The Sherrill City Courthouse was filled to capacity and then some for last night's meeting regarding the agreement made between the Oneida Nation, Madison and Oneida Counties and the State.

Hosted by former Oneida County Legislator and current City Commissioner, Mike Hennessy, the public meeting focused on several reasons why the agreement should be struck down by Oneida County.

Hennessy says it simply isn't a good deal for the citizens.

"It's not about being upset that they're [The Oneida Nation] getting something that we haven't got," Hennessy said. "We just want them to do it the right way. We want everybody not to rush this through. The Governor is getting quickly a reputation of being a bully."

Among those also attending the meeting were county legislators Chad Davis and Frank Tallerino, who served as panel members discussing the agreement.

Davis, who spoke first, addressed the possible results if it is accepted.

"When people go and pull one-armed bandits... whatever that revenue ends up being, the Governor of the state of New York is going to receive an estimated $50 million," Davis said. "Of that, we're going to get 6.25 percent for people to gamble just on certain aspects of gaming up there. For that, we're going to give up unlimited commercial development on what is going to end up being Indian country, federal trust land."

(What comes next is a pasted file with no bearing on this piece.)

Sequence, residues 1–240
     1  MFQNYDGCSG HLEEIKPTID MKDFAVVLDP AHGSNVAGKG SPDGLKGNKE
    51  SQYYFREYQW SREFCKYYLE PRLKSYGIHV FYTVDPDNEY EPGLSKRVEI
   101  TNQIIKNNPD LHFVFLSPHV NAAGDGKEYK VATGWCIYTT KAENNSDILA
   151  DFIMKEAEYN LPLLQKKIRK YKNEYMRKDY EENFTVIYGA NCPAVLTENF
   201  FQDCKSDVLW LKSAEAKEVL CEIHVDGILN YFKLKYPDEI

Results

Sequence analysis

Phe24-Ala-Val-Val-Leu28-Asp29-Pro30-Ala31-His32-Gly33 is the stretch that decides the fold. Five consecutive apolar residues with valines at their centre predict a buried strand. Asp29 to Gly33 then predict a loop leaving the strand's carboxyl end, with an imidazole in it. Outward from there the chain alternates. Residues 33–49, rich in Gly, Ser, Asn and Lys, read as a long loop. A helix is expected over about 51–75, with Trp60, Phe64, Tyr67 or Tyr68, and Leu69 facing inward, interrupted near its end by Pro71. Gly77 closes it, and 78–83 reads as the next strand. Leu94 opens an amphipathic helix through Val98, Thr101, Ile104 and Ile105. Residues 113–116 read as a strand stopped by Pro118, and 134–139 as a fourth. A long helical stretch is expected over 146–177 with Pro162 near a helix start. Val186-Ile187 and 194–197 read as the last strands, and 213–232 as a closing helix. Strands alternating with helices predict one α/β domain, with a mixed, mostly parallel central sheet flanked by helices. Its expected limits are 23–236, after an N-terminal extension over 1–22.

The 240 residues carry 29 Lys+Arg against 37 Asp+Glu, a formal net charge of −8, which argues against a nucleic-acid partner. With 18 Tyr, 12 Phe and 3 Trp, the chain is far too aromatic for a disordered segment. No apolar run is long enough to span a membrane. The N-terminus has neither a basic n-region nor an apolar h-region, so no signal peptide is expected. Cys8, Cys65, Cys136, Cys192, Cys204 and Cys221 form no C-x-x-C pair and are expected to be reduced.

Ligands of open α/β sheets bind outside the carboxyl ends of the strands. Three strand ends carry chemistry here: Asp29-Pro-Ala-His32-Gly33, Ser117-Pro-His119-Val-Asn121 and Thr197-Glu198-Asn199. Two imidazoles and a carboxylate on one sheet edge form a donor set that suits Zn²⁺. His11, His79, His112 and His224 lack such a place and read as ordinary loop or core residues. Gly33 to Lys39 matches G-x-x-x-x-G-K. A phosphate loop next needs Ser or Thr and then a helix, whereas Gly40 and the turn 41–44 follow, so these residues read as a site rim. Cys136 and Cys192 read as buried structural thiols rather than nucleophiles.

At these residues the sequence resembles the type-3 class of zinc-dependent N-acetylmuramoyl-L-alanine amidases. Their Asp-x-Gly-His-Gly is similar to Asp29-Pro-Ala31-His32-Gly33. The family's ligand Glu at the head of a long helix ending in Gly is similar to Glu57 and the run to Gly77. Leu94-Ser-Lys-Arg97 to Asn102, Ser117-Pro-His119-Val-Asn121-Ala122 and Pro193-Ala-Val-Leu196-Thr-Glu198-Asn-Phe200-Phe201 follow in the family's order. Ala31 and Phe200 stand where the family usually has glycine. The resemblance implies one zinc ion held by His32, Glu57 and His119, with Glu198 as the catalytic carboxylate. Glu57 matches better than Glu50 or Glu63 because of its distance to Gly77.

Davis worked with Hennessy the last time an agreement was put on the table five years ago, defeating it. He said he believed the county could wait out a legal solution rather than cut a deal.

"What we have here is no longer a free enterprise system," Davis said. "I'm not someone from Webster's Dictionary, but if you Google the word 'fascism,' we're not too far off from that based on if this plays out. It's very sad, because if I'm a businessman or a banker and want to invest in any business, they [The Oneida Indian Nation] can target any business they want to."

Last week's announcement gave the Oneida Nation exclusive gaming rights and settles its land claims. The Nation must also provide the state with 25 percent of its net slot machine revenue, which will be dispersed to Oneida and Madison Counties.

A vote on the possible agreement will be held in the Oneida County Legislature next Tuesday.